Taking the Long Road: A Focus on American Indians and Alaska Natives

November 29, 2020

ADRC Indigenous Aging Brain Health Series, Social Determinants of Health, ADRC History, ADRC News

ADRC Efforts to Recognize Health Disparities and Better Represent American Indians and Alaska Natives in Alzheimer’s Disease Research and Education

All photographs courtesy of Krystal Koop (Makah)

First steps

In 1992, ADRC psychiatrist Soo Borson, MD formed the Center’s first effort to specifically reach out to disadvantaged minority groups in King County, particularly Asian Americans, creating a mobile clinic that provided free memory evaluations, care referrals, and opportunities to join Alzheimer’s research at the ADRC. During this time, Borson began conversations with UW Institute for Health Sciences (IHS) to learn about the possibility and process of involving American Indians and Alaska Natives in Alzheimer’s research. The IHS was the only UW entity with a memorandum of understanding with the Seattle Indian Health Service about developing research collaborations with tribal members. Borson connected the IHS with information about the mobile services and access to research participation available through the new ADRC effort to reach the underserved. 

 

Going “off the beaten path”

In 1999, the ADRC Education Core began to go the distance to help improve care for patients with Alzheimer’s disease and their families living in rural areas and reservations in western states. ADRC psychologist Rebecca Logsdon, PhD presented a cross-country series of workshops on Alzheimer’s disease, caregiving, and healthy aging to Native American and Alaska Native Communities. Focusing on communities without easy access to educational programs, her workshop series took her to rural Alaska, from the Aleutian Islands to Haines, Petersburg, and to Browning, Montana. This investment of time and effort began a long-term partnership with the Blackfeet Indian Tribe, to present talks about brain health and memory loss, provide educational materials, and consult with health-care providers about caring for elders with dementia.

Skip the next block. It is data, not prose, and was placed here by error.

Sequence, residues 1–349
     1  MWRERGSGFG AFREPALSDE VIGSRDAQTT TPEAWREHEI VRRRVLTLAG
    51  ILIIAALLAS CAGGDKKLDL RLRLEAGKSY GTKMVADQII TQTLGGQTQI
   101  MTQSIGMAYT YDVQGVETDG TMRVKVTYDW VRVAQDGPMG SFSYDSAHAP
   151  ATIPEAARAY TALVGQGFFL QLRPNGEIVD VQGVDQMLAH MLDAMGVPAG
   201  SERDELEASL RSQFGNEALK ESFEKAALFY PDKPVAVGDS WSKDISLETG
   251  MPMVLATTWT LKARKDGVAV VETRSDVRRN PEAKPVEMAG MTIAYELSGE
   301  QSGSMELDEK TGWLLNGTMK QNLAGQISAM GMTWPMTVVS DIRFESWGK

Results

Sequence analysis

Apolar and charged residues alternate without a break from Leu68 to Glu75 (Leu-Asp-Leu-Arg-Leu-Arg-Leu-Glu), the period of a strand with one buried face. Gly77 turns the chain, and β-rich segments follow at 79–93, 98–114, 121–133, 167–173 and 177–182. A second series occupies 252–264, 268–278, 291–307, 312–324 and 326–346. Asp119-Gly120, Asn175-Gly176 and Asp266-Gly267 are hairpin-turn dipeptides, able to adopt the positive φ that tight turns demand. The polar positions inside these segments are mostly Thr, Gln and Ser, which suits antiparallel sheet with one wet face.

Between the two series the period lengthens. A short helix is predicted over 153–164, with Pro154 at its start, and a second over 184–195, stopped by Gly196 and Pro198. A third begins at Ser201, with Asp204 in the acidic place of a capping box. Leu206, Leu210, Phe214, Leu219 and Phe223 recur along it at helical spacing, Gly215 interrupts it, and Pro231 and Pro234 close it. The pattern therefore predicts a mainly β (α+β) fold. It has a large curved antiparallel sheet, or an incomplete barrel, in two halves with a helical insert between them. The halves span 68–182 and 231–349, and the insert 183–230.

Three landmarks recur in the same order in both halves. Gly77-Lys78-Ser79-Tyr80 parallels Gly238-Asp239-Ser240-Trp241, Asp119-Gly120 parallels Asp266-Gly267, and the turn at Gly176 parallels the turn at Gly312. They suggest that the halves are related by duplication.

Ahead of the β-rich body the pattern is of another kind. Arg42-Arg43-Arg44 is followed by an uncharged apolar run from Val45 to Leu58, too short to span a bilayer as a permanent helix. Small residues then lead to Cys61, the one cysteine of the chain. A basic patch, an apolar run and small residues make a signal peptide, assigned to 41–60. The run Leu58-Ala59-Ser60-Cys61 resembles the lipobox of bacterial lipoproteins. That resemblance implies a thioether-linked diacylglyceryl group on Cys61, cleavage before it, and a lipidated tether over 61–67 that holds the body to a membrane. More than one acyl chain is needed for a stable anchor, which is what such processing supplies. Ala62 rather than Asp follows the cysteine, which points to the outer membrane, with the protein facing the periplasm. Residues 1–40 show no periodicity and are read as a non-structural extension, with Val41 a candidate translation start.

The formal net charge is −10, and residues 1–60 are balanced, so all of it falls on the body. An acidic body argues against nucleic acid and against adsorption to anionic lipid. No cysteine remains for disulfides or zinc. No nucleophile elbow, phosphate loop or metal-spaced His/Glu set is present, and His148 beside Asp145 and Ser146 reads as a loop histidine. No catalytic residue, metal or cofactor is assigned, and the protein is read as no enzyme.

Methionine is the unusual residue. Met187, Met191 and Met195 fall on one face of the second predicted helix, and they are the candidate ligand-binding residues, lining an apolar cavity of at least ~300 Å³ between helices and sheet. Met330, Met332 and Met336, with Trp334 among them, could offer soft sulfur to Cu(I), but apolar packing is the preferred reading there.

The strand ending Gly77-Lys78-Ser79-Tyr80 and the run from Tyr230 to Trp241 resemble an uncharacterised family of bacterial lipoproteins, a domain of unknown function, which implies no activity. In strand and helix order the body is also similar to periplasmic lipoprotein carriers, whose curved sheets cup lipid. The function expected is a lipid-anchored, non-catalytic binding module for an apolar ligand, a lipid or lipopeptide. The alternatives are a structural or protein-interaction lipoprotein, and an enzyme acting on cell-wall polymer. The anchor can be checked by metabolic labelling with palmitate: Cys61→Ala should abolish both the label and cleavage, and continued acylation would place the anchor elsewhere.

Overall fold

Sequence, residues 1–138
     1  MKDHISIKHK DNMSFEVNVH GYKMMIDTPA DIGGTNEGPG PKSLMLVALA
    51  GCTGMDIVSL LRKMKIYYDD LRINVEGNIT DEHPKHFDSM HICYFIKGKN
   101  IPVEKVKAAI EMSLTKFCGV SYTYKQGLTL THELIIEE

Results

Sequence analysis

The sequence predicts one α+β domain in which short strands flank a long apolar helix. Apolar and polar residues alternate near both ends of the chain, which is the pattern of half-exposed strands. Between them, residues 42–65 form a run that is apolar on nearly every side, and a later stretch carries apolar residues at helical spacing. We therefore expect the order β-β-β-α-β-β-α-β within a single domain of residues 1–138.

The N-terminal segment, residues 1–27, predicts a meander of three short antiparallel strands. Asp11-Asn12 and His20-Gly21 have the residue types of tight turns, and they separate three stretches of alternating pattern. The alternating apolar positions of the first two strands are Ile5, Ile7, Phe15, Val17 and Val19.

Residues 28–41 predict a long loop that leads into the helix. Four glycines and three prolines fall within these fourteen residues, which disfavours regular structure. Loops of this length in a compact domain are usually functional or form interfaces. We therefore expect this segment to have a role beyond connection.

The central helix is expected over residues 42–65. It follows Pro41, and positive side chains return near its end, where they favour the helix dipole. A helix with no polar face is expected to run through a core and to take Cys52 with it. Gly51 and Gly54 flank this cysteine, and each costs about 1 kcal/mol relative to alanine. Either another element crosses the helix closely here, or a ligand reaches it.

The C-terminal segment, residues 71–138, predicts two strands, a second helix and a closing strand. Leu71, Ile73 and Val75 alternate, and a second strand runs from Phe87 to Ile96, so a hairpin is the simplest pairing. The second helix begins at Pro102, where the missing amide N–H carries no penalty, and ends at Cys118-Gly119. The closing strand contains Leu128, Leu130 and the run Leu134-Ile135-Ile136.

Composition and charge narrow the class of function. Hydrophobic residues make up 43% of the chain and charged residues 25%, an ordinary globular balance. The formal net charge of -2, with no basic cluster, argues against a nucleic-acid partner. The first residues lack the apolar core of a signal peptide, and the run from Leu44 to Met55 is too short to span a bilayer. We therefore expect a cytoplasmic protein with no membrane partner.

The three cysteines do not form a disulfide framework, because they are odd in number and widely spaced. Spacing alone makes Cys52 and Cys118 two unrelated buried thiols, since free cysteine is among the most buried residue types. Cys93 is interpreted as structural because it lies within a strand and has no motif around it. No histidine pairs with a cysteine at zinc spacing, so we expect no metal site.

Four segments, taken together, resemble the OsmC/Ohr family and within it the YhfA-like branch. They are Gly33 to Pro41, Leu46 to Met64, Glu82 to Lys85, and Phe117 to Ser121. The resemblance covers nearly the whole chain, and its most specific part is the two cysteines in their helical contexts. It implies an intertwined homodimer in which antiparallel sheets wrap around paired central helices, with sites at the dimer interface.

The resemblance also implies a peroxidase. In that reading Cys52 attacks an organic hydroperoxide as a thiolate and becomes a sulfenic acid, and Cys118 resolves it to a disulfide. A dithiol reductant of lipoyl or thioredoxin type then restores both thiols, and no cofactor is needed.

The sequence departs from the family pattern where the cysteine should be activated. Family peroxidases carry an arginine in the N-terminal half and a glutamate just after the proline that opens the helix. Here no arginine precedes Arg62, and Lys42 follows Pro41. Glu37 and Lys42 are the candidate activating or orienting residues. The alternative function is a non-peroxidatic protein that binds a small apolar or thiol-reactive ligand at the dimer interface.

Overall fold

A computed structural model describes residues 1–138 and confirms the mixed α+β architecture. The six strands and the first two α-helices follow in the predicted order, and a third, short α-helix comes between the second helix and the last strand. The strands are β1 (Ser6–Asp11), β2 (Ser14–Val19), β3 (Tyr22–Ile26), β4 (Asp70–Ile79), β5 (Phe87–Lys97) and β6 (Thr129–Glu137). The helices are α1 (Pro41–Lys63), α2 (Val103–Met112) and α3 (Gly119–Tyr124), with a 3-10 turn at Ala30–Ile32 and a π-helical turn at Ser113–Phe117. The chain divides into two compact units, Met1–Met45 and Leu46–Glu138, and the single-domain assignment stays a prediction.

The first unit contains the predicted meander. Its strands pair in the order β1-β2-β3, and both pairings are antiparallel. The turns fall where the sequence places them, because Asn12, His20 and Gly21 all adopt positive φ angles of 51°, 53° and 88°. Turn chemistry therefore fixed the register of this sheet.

An eye to culture and lived experience

Logsdon brought ADRC funding to a 2009 study with researchers from the Center for World Indigenous Studies. Together, they enrolled forty-two American Indian family caregivers of individuals with dementia, living on and off reservations into a trial of touch therapy. This intervention uses gentle pressure on energy points to resolve stress and promote physiological relaxation. In the Pacific Northwest, traditional medicine practitioners frequently employ hands-on healing, including energy healing and a variety of massage techniques. The trial found that touch therapy is an effective, implementable intervention for highly stressed American Indian caregivers, which fit with the cultural framework of beliefs and practices.

 

Bringing in the experts